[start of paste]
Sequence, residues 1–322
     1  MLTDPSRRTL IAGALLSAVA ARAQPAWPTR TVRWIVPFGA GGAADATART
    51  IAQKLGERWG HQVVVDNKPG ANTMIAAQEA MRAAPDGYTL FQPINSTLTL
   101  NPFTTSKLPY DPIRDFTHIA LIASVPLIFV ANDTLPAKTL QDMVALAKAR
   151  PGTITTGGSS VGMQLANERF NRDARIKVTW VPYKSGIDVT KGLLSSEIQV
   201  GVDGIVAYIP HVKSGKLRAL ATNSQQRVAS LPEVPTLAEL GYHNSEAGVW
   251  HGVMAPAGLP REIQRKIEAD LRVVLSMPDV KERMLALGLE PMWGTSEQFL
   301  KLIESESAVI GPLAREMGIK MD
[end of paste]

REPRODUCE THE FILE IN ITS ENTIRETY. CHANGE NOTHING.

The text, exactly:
Sequence, residues 1–322
     1  MLTDPSRRTL IAGALLSAVA ARAQPAWPTR TVRWIVPFGA GGAADATART
    51  IAQKLGERWG HQVVVDNKPG ANTMIAAQEA MRAAPDGYTL FQPINSTLTL
   101  NPFTTSKLPY DPIRDFTHIA LIASVPLIFV ANDTLPAKTL QDMVALAKAR
   151  PGTITTGGSS VGMQLANERF NRDARIKVTW VPYKSGIDVT KGLLSSEIQV
   201  GVDGIVAYIP HVKSGKLRAL ATNSQQRVAS LPEVPTLAEL GYHNSEAGVW
   251  HGVMAPAGLP REIQRKIEAD LRVVLSMPDV KERMLALGLE PMWGTSEQFL
   301  KLIESESAVI GPLAREMGIK MD